They Survived the Holocaust. Now they’ve Come Together to Endure the Pandemic

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tags: Holocaust, Jewish history, COVID-19

We all know this pandemic has been difficult for everyone. But there’s one group of senior citizens our locked-down world is affecting especially hard: the men and women who had years of their lives stolen from them while running from the Nazis or being imprisoned by them. Not one of them ever got those years back. Now in their 80s and 90s, these last survivors of the Holocaust have been shut away for another year. With the clock ticking, some will never again meet with families and friends.

When Vienna briefly lifted its lockdown last August, I met 90-year-old Helga Kinski, a survivor of Theresienstadt and Auschwitz who loved speaking with school kids almost as much as they enjoyed meeting her. We laughed and spoke about books we’d been reading. A few days later, I received a phone call: Helga fell. She was no longer with us.

When you work at an oral history institute that has spent years interviewing Holocaust survivors, you expect to lose them. That’s why, in 2006, we started holding monthly meetings for them in Vienna and Budapest. There’s nothing they enjoy more than meeting with high school students.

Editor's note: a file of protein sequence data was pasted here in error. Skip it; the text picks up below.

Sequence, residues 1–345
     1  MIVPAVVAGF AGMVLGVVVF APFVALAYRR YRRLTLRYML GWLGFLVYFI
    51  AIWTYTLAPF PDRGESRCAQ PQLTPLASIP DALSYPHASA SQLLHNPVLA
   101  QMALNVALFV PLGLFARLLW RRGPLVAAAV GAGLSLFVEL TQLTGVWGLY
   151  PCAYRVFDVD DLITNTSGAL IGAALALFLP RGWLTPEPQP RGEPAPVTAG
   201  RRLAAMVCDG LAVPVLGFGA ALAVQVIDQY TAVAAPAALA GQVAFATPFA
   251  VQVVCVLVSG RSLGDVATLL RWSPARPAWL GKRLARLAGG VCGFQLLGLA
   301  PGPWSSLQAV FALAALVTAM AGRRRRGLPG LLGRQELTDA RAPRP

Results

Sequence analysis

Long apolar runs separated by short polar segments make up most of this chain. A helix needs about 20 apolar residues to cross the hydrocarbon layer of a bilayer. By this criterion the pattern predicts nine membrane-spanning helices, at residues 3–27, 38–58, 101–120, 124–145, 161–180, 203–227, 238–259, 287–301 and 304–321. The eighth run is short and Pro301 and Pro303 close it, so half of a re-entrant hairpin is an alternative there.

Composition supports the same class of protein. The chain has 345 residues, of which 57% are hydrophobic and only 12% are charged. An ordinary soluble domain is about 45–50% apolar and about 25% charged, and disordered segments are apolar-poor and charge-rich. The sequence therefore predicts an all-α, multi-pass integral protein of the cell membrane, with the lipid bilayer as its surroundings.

Then came last March, and our monthly meetings stopped. The Vienna Jewish community set up a hotline for older community members and sent masks to those over 60. The Jewish youth club manned the phones to call everyone to see if they needed anything — cash, groceries, medicine or psychological help.

Tanja Eckstein, the woman who interviewed most of our survivors in Austria, now phones the survivors in our club regularly — all 90 of them.

A few weeks ago, thanks to the Austrian Federal Ministry of Health and the City of Vienna, the Jewish community arranged to vaccinate every Holocaust survivor in the city.

Then some of our colleagues came up with an idea: to send a book to our survivors every month and filter those orders through a local bookshop that has been struggling. The book club idea caught on, and friends now send books to Holocaust survivors in Prague, Budapest, Sofia and soon to those in Bratislava. Every book sale is filtered through yet another bookshop.

Those in our Vienna club with macular degeneration — hardly uncommon among 95- to 99-year-olds — now receive boxes of Viennese chocolates every month. Raise your hand if you think someone complained.

Since lockdown isn’t going to end soon enough, we started a phone-a-joke program, and twice each month actors and comedians are phoning Holocaust survivors to share stories with them.

Read entire article at Washington Post

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